Sunday, February 12, 2023

A fourth high altitude object shot down, this one over Lake Huron. This is just bizarre.

Is there something new and strange and scary going on in our atmosphere, or are we just hyperalert to stuff that’s been there all along?

Maybe we're now seeing it largely because we're now looking for it. And because we've only recently developed the technology to track it electronically. CNN reported that we've only been able to do do so for the past year. 

After two objects were shot down over Alaska Friday and the Yukon Saturday, the airspace over Montana was closed late Saturday due to a radar signal of something that could not be confirmed by jet, and then today, Sunday, the airspace over Lake Michigan was temporarily closed “for national security reasons.”

Then, minutes before this writing, the military shot down an object over Lake Huron. It is not clear whether that is the same object that caused the airspace closure over Lake Michigan or something else. Lake Huron is just east of Lake Michigan.

We have so little information that it’s difficult to know what to make of all this. But it’s certainly not all a bunch of weather balloons, as some have suggested. That said, it might be a whole lot of different lighter-than-air craft sent aloft by governments, corporations and even individuals.

It has been reported that the “objects” over Alaska and Canada were smaller and different from the Chinese spy balloon shot down off South Carolina a week earlier. That balloon was big and roughly spherical. The Alaskan object was much smaller, did not look like the Chinese balloon and maybe didn’t have intelligence-gathering equipment. The Canadian defense minister said the Canadian object was cylindrical, and one pilot said it had the capacity to interfere with his navigational equipment. Another pilot noticed nothing like that. 

We have no information about the object shot down over Lake Huron. 

Jets scrambled over Montana late Saturday could find nothing at the site of a “radar anomaly” that prompted a short closure of Montana airspace to civilian aircraft. As this is written, we know nothing about what prompted the Lake Michigan airspace closure today (February 12, 2023.) That airspace closure was ended after a few hours. Shortly afterward, the Lake Huron object came down.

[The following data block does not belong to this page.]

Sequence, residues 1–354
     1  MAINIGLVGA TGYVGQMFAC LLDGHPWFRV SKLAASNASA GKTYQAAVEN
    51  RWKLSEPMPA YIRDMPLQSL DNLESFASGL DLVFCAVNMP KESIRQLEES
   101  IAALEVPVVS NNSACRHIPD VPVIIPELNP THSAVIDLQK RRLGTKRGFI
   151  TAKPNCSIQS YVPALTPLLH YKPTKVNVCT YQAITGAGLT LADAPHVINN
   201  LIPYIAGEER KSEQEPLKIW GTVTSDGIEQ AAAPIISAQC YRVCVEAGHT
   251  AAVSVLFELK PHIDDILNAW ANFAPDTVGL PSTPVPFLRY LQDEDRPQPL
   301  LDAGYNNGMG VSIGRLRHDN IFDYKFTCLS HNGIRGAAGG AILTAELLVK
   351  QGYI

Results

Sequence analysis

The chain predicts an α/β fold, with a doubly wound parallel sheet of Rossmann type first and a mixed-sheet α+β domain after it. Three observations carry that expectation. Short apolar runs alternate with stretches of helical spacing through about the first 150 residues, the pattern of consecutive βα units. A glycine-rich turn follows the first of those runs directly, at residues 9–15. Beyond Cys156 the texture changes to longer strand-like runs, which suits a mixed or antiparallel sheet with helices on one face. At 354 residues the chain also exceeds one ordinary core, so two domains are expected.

There seem to be fleets of Chinese intelligence-gathering balloons drifting in our skies, and over the skies of dozens of nations. Four months ago, the Pentagon said, a Chinese spy balloon crashed somewhere near Hawai’i, but we don’t know whether anything was recovered from it. At the same time the Chinese balloon was drifting across America two weeks ago, another was floating over Central America.

China says they’re just weather balloons, but if so, they are big, expensive weather balloons. The one shot down two weeks ago had a massive solar panel array hanging under it. That would power a whole lot of electronics.

(I have personally recovered weather balloon electronics, which are tiny--little styrofoam boxes the size of a pocket transistor radio. That's not what was hanging from the Chinese spy balloon.)

Every major country uses weather balloons, and some—like China, the United Kingdom and the United States—use spy balloons.

And then there are also private company balloons, like the ones that raised concerns off Hawai’i a year ago, which were aeronautical balloons developed by a South Dakota firm called Raven Aerostar. They had been launched from South Dakota and had been aloft for several months. Raven Aerostar said those balloons were designed to carry electronics that could provide internet service to remote areas, could collect imagery and perform other functions.

The Raven Aerostar website provides some insight into ALL the different lighter-than-air vehicles that are available. They include Thunderhead Balloon Systems for long-duration flights. And Super Pressure Balloons for stratospheric missions. And Zero Pressure Balloons that take payloads to “the edge of space.”  And Sounding Balloons for short duration meteorological missions.

And there are Raven’s Stratospheric Airships, which look more like giant blimps than balloons. They are capable of operating at 60,000 to 70,000 feet and can stay up for months.

Those are different from dirigibles, which are maneuverable lighter-than-air craft. There are also hot air balloons, which have been a “thing” since the 1700s.

Google/Alphabet in 2021 shut down its Loon program, which proposed using balloons to provide internet service to remote areas. 

Lots of stuff drifting across the skies. As mentioned above, there is indication that the United States within the past year or so has increased its capacity to identify these low-speed, high-flying devices. That could be why we’re suddenly seeing more detections.

© Jan TenBruggencate 2023

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